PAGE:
Stravinsky! A Celebration, Hippodrome, London

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The score of The Rite of Spring revolutionised 20th-century music; the choreography fell out of repertory. Millicent Hodson's reconstruction is a curiosity; it gives a blurred sense of that 1913 dance, but it's more museum piece than rite.

The score of The Rite of Spring revolutionised 20th-century music; the choreography fell out of repertory. Millicent Hodson's reconstruction is a curiosity; it gives a blurred sense of that 1913 dance, but it's more museum piece than rite.

Hodson's Rite ends Birmingham Royal Ballet's Stravinsky bill, part of the city's three-year celebration of the composer. It's a poor ending to what should have been a fine programme.

There are few sources for Hodson's "reconstruction". She had to work out an order for the poses, decide how to get from one to another, and make them fit the music. This is guesswork dressed up as choreography - worse, as someone else's choreography.

That would matter less if Hodson's version worked. Her dancers stamp and jump, but never look driven by the music's rhythms. Carol-Anne Miller springs tirelessly in the Chosen Maiden's final dance. Everyone else looks detached. The Royal Ballet Sinfonia, conducted by Barry Wordsworth, need more violence in this great score. It was a relief to turn to two repertory pieces, Balanchine's Duo Concertant and Ashton's Scènes de Ballet.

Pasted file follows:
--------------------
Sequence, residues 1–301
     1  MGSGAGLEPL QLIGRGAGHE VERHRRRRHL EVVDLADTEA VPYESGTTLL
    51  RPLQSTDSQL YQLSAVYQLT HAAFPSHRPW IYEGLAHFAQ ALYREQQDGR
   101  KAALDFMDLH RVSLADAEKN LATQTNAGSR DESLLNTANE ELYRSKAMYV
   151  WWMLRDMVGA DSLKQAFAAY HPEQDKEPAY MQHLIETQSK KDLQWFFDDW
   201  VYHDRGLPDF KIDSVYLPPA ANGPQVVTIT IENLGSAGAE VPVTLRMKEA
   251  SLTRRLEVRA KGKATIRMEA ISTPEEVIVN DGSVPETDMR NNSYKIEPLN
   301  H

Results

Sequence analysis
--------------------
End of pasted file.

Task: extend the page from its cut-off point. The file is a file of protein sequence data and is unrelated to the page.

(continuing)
Bare Bones 3 is a programme of new work. Bare Bones is the resident company of the national dance agency for Birmingham. The idea is admirable: the company commissions new work, and performances are in the round, with the audience very close. This is stripped-down dance, with costumes and props kept to a minimum.

The pity is that this year's work is so weak. Hans Tuerlings' Giornata is danced to three pop songs. The dancers wear jeans or dresses covered in stencilled words, and fling themselves about, but there's no abandon. Nobody is lost in music.

In Wendy Houston's Take Me Out, two dancers pretend to make a movie. One is a Tarantino-ish director figure, who rants about his use of music and discusses killing Bill. The second pants into a mic, or recites lines about masochism. Three women crawl sullenly about the stage, speechless.

Luca Silvestrini's To The Bone is the brightest of these pieces. River Carmalt and Vicki Manderson, stripped to their underwear, are carried on stage like dolls. On the soundtrack, we hear their voices. They arrange their movements to fit the tape. They talk their way into positions, giggle, fall out. It's too long, but the performances are lively.

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